Once on your stand (website) the visitor needs to be able to move easily around the site, gathering information which is relevant and current. Content is King is a tired old adage but it is true so make sure your website has great content and is up to speed. Content = SEO.
Linking to other sources of information will only enhance your visitor experience. If you were working on a stand and a visitor wanted to know more about your credentials or industry knowledge you would be keen to demonstrate this.
Imagine a visitor to the event is sitting at the bar and hears about your stand from another visitor who they respect. If that visitor is saying how great your stand is, they are more likely to want to visit you too. Authoritative links on your website will add to the visitor experience, marking you out as a company who knows their sector and subject thoroughly. Links = SEO.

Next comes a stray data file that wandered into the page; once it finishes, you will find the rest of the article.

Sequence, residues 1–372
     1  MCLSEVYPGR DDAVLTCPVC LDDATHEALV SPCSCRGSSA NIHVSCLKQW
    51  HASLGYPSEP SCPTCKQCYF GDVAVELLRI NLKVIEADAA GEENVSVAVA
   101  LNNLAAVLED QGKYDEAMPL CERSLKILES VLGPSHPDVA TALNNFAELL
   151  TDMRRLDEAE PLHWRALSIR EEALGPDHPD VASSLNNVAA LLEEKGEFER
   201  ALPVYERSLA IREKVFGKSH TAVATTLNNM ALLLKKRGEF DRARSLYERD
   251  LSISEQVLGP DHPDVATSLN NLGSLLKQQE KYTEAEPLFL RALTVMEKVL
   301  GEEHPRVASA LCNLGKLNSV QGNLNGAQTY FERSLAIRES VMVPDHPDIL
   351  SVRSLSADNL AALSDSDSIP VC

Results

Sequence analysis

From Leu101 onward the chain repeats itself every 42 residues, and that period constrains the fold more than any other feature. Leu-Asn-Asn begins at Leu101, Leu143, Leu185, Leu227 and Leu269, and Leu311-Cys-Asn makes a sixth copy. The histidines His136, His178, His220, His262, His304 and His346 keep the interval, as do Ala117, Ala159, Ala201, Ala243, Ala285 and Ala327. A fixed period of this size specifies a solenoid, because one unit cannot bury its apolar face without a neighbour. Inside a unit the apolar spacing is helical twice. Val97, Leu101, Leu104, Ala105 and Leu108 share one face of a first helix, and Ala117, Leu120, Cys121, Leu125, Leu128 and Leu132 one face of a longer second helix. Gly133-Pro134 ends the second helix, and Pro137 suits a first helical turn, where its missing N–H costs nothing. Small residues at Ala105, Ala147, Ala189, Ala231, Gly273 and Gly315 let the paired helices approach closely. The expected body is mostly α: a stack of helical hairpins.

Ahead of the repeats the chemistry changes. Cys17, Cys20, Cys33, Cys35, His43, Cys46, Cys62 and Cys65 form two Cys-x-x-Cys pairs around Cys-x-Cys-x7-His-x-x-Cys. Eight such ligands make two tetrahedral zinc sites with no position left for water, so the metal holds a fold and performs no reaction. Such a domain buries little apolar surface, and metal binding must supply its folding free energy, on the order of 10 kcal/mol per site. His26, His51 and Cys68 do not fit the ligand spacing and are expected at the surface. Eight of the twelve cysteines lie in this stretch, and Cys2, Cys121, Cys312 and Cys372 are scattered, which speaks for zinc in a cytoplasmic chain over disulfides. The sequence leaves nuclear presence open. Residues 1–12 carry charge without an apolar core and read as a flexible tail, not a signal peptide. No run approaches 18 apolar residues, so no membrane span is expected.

You might get hundreds of visitors to your stand but no-one contacts you after the show or wants more information. What’s that all about?
Something isn’t working so in the same way that you would review your exhibition performance, you can use Google Analytics to look at your website visitors and their interaction with your site. Website Audit = SEO.
Does the user flow demonstrate any pages where people lose the will to live? Are your action or goals set too deep within the site so no one can find them?
Think back to that last exhibition. Look around you. Are there stands that look better than you and getting more visitors? In the same way that you might approach people working on that stand to find out who designed it and what kind of material they are using, you can use Opensiteexplorer or other competitor analysis tools to interrogate your competitors websites.
Who are they linking to and what sort of keywords are they using? You wouldn’t ignore a competing exhibitor if they were nabbing all your potential visitors, so learn from other sites in the same way. Analytics = SEO.